Courtesy of RacerX
April 10, 2018 9:55am
by Jason Thomas
Last weekend’s mud-fest in Seattle could have been a golden opportunity for Marvin Musquin to gain big points on championship leader Jason Anderson. With a 35-point deficit entering the weekend, Marvin’s only chance was to win races and hope for Anderson to either crash or have some sort of mechanical problem. Mud creates a good chance for that kind of chaos to occur. After Marvin’s heat race win and knowing the task at hand, I fully expected Marvin to make the most of the main event. He didn’t have much to lose at this point and entered the main event with a 36-point gap to Eli Tomac behind him.
For Jason Anderson, he was in the exact opposite position as Marvin Musquin. He entered the main event with a 35-point lead and only five rounds to go. He doesn’t need to win races, even though I am sure he would love to. He just needs to avoid catastrophe, keep a keen eye on Marvin’s progress, and sail this ship into Las Vegas ideally with a 27-point lead. In that situation, most riders would subconsciously ride conservatively. It’s just human nature to reduce the chance of a crash or big problem. That’s what was so weird about Seattle’s main event. With Marvin’s need to win and gain every single available point and Jason’s need to keep stability and the status quo, most would predict an all-out effort from Marvin and a safe, take-no-chances ride from Jason. We got exactly the opposite.
With Jason and Marvin first and second on the first lap, I looked for Marvin to go for the win and make a big push early. Inversely, I expected Jason to take advantage of his lead and put in a safe podium ride. As we now know, they didn’t have the same plan. Jason had everything to lose by taking big chances. He was aggressive and pushing the edge, though, and also pushing himself to a big lead in the process. He had dropped the field, and by the time Tomac got into second place, the gap was already ten seconds. The points leader, with all of the pressure and logical reasons to take it easy, set the fastest lap of the race and looked to be riding carefree. That loose riding caught him on lap six, though. He cross-rutted in a rhythm section and went down, handing the lead to Eli Tomac. Jason got up and charged hard, closing the gap down to Eli on the next lap, but a few mistakes would separate the two. It was a strong ride for the #21, and although he didn’t win, he increased his points lead and left no doubt that he was still willing to be aggressive.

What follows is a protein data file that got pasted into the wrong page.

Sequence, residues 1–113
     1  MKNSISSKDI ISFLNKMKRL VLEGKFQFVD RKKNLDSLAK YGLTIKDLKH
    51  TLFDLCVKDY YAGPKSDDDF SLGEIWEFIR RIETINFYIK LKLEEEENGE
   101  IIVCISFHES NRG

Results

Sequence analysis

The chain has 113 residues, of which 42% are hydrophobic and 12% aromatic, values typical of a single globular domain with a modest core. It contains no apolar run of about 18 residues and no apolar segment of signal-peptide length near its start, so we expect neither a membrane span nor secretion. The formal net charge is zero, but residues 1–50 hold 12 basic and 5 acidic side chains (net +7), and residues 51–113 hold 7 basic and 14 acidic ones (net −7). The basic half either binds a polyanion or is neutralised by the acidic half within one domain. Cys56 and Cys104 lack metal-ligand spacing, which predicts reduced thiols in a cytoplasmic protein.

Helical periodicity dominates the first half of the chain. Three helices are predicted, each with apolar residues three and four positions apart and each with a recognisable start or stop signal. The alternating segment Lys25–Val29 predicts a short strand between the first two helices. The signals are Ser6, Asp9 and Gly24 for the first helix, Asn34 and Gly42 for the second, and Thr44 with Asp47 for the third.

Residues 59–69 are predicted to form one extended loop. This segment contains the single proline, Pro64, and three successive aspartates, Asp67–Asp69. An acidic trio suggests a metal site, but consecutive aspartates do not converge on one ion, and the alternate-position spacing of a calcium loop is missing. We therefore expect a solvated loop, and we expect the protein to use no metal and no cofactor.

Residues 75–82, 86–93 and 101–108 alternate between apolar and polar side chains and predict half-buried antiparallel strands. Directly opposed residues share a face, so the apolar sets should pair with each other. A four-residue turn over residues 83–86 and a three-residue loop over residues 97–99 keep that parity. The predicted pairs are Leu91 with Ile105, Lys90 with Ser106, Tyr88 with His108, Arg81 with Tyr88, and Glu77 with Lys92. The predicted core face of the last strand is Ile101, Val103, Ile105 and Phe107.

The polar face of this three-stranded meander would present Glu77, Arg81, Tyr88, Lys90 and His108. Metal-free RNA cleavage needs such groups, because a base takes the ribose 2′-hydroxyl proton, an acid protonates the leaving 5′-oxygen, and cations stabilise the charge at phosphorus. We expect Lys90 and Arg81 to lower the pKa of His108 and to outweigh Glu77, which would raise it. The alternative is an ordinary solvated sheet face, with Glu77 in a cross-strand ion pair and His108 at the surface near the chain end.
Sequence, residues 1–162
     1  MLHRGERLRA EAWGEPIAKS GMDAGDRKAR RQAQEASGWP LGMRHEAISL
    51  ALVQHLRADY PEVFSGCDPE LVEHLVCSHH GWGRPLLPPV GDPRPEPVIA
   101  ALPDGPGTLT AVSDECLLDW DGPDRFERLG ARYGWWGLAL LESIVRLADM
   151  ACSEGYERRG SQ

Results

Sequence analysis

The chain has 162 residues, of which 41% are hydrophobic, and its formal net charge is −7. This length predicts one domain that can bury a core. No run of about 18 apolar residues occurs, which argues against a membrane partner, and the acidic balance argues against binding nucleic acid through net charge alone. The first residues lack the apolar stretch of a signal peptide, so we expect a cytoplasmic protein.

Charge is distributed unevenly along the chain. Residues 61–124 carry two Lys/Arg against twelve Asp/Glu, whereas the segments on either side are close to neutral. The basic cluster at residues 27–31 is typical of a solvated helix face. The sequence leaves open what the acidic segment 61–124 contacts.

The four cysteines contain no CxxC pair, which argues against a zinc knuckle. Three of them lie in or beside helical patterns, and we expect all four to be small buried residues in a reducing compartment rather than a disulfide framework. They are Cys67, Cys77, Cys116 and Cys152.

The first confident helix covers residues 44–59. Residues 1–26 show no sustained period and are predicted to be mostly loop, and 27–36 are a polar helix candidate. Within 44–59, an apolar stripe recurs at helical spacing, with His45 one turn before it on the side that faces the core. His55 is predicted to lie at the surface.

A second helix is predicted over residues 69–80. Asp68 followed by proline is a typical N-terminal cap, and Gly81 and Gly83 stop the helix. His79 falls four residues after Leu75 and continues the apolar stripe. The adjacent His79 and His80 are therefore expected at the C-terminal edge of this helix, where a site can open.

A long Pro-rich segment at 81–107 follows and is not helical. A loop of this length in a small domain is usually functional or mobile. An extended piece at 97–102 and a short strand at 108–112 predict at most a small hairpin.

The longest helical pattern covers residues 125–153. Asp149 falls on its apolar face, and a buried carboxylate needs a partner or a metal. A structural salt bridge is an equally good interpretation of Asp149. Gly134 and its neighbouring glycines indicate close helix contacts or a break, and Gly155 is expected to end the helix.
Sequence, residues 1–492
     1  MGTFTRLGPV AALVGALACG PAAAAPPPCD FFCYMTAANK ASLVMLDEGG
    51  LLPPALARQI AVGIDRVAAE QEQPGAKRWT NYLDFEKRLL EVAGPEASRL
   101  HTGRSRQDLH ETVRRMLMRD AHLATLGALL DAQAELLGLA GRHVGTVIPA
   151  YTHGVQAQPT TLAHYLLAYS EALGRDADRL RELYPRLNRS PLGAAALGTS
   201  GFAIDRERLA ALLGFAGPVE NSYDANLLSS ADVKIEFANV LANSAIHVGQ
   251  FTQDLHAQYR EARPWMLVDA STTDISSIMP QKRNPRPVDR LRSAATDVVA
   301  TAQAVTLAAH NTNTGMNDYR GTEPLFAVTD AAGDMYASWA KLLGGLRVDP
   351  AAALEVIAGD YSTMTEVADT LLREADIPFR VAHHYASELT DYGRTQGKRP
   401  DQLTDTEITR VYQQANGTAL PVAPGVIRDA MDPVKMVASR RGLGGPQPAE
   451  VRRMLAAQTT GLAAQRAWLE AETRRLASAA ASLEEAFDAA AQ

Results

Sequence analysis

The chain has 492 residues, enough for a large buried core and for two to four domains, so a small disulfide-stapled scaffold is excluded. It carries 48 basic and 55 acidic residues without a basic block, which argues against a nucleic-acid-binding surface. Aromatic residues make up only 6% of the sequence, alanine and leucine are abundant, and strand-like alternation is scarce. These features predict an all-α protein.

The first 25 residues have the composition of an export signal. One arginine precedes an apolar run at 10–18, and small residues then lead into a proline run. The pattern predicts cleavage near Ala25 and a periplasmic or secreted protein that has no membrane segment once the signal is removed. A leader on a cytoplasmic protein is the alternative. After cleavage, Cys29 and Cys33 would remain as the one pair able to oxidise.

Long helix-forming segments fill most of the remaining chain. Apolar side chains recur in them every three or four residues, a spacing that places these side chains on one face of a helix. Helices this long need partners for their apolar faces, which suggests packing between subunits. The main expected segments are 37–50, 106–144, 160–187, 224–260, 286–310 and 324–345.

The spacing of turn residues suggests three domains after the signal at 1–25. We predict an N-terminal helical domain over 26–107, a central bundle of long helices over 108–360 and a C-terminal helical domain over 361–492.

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RacerX 2018 Seattle Supercross Breakdown